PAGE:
Lastly, institutional investors themselves, assuming they hold onto their fiduciary responsibilities, will attempt to offset. If one believes that the credit derivatives market is large now, wait until this goes through! If the government attempts to clamp down on the over the counter market like swaps, then the action will simply be moved overseas. This is why you haven't seen much regulation introduced in petroleum trading, as it is very easy to transfer such activity beyond American jurisdictions.
It's more than just a simple bailout, it's about societal stability.
Perhaps my perspective is tainted from the fact that I believe in what I call "managed capitalism." I've never thought that laissez-fair capitalism to be appropriate in this day and age, what Milton Friedman preached as his idea of "freedom," simply cannot be applied to our society. This may sound like an anathema to many (and no doubt I'll get the hate mail), but we have many dependencies ranging from the disabled to infrastructure needs to veterans. The only way to utilize a system in which people like Larry Kudlow and Ron Paul advocate would be to cut loose these dependencies.
You see the current debate over Fannie Mae or Freddie Mac or even General Motors is a much larger philosophical one as it an economic one. Joseph Schumpeter (and others like Frederich Nietzsche) touted a concept known as "creative destruction." Basically, one form of goods or services is done away with one that is more improved. The horse and carriage industry was wiped out by the automobile one. This was sound and practical in the early era of industrial economics, though it did cost workers their jobs. But as we progressed into a more advanced stage the costs get higher and higher, in many cases beyond the money issue. Stability and order (note, I'm not talking in the same sense that one hears from fascist ramblings) for a middle class to sustain their families and in the end Democracy, must be made paramount.
GM and beyond
There are many, including myself, who are upset with General Motors and the possibility of a buy out. The company knew that the SUV party would not last forever. And not just General Motors, but Ford and Chrysler, both for decades have not had their act together. If, as management often claimed, they were doing the right thing, then why has companies like Toyota eaten their lunch? It's almost justifiable to oppose any assistance to these companies.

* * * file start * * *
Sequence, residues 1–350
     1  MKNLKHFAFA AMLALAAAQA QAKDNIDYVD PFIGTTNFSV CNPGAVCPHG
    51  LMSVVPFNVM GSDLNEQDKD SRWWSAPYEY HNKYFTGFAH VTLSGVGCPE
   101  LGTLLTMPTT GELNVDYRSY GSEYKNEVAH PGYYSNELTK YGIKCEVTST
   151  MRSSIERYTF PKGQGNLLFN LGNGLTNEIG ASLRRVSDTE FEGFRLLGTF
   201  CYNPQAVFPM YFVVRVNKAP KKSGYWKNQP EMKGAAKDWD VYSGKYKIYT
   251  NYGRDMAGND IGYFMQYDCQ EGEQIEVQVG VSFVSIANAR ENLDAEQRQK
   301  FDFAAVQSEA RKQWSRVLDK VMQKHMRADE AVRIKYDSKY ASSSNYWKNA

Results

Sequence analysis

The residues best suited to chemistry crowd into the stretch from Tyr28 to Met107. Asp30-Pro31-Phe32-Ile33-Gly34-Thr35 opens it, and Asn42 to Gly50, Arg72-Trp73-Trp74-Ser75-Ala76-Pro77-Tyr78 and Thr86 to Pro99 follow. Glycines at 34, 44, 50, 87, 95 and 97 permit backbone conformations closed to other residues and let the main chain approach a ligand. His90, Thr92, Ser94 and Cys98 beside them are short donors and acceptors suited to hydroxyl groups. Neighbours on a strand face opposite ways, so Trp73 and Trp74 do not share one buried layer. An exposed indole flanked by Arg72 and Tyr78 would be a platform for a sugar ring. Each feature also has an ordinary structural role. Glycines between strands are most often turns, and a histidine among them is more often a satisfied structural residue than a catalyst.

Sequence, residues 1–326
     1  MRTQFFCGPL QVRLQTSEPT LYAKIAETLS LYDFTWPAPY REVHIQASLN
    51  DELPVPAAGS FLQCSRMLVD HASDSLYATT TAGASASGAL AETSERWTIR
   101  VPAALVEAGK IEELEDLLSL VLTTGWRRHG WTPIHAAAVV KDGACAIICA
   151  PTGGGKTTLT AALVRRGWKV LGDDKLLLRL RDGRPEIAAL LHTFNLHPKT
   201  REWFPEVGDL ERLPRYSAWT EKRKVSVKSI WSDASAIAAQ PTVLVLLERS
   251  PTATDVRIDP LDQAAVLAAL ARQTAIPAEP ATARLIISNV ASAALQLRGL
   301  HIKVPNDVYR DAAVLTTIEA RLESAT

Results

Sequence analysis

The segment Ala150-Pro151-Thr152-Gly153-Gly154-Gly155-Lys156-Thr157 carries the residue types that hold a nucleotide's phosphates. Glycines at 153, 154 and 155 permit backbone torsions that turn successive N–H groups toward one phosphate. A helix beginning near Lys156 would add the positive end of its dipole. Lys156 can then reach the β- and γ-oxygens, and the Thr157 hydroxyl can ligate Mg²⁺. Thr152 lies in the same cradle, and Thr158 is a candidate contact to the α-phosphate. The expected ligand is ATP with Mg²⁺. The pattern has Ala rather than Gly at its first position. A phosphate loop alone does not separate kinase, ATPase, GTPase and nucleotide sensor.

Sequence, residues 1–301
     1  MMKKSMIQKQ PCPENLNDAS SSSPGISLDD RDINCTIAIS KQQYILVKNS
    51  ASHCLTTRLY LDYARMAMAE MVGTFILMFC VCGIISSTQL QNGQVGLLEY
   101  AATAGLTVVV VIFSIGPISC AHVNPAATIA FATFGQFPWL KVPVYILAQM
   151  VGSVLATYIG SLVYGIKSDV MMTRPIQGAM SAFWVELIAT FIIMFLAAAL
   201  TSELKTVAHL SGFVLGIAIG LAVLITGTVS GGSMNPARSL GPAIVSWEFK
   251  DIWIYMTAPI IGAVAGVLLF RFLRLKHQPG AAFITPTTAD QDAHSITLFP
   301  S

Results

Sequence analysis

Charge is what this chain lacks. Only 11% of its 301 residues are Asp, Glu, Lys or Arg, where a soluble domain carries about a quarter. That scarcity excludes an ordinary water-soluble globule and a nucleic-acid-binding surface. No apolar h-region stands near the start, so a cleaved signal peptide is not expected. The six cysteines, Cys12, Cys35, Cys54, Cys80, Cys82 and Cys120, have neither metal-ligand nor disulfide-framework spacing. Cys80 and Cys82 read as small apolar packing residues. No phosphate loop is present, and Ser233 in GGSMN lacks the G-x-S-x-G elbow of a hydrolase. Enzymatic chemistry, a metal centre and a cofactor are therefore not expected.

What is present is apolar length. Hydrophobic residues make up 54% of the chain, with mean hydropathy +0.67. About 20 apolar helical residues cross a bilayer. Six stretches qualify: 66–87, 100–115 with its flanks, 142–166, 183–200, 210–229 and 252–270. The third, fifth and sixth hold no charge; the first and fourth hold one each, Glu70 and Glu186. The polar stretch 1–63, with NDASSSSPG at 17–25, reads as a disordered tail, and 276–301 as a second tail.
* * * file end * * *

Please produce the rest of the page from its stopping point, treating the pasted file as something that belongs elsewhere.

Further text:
Saying this, one needs to a bigger picture. There is a smart progressive way and the stupid conservative way in doing this. The latter could be seen in Japan for over a decade in the form of "zombie companies." Legal entities that by all accounting standards should have declared bankruptcy and be liquidated but by some action by a banking group or government were kept alive. Mimicking this is not in our best interest.
So why save GM or Ford? Why not let "market forces" do their voodoo and allow these companies disappear? After all, as many in the bubble would say, a "better" one will arise from the ashes; probably by some young entrepreneur or a private equity group. To which I say fat chance! If starting up an auto group and successfully competing against any giant were easy, then Tucker in the late 40s would be around, and newer companies like Zenn and others would have mopped the floor with the Big Three.
The fact remains, given the inherent costs, starting up an auto companies is significantly cost prohibitive. And to build one in short order to replace the jobs and economic loss from the vaporization of the Big Three, is almost borderline fantasy. I say borderline, because there is only one sure way to make that a reality, and it is something conservatives and the current Republican Party would never do. That is subsidization of these start ups either monetarily or other means.
I highly recommend everyone pick up Prof. Ha-Joon Chang's "Bad Samaritans," it goes into detail how the Asian Tigers built up their industries. I'll give you a hint, it wasn't free and fair trade! These countries knew it was in their national best interest to have a strong manufacturing base, and the government did just about everything it could to promote domestic industries for home markets and export. The US government, despite claims to such, have abandoned such an agenda decades ago.